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                  Marking up PDFs works better in color, since you can pick a contrasting ink color. I do it in Notability on my iPad Pro (which is also great for whiteboarding / sketching.)

                  I was tempted by reMarkable when the first version came out, but I couldn’t see spending that kind of money on something that only does note taking and reading. I’m glad it’s found an audience though, it’s a cool device.

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                    Turns out marking up a PDF to take notes actually isn’t that great because the notes quickly get lost in the PDF. It’s not like in real life, where you can put a sticky note to jump to that page.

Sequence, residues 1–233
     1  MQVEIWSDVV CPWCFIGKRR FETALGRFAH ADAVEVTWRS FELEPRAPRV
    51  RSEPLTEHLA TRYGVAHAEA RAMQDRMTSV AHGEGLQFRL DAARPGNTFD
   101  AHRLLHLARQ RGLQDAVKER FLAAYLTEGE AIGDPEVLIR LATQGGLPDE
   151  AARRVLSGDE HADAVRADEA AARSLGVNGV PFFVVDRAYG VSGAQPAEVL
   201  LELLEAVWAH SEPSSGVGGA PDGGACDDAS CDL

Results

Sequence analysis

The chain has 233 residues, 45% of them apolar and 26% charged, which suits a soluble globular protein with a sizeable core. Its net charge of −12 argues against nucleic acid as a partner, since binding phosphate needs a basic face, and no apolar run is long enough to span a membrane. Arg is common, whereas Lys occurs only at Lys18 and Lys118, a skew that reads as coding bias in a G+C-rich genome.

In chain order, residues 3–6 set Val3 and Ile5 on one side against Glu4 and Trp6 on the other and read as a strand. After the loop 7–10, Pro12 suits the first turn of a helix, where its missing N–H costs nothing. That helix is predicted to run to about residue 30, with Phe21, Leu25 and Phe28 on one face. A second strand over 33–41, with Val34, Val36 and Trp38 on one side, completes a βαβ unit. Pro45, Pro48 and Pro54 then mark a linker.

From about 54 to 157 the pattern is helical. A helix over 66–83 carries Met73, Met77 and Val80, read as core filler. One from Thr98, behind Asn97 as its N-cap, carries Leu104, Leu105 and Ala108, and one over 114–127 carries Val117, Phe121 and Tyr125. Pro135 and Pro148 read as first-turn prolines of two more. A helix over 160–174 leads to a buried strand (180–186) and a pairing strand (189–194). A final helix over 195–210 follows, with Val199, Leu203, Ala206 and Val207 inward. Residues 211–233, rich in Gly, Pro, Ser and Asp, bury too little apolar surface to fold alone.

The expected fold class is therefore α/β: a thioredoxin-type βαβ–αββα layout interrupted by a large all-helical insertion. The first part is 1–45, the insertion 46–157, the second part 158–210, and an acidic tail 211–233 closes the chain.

So far the best experience I’ve seen for this is LiquidText on an iPad Pro. While you can write on the PDF as any other annotator, there’s also a lot of more hypertext type of features, like collecting groups of notes in an index, or writing separate pages of notes that are bidirectionally hyperlinked to parts of the document they refer to. Or do things like pull out a figure from a paper into a sidebar where you attach notes to it.

                    The main downside for me is that you do more or less have to go all-on on LiquidText. It supports exporting a workspace to flat PDFs, but if you used the hypertext features in any significant way, the exported PDFs can be very confusing with the lack of expected context.

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                      Agreed that it is hard to find notes. There should be a way to jump to pages that have notes on them (this is how Drawboard PDF works, for example).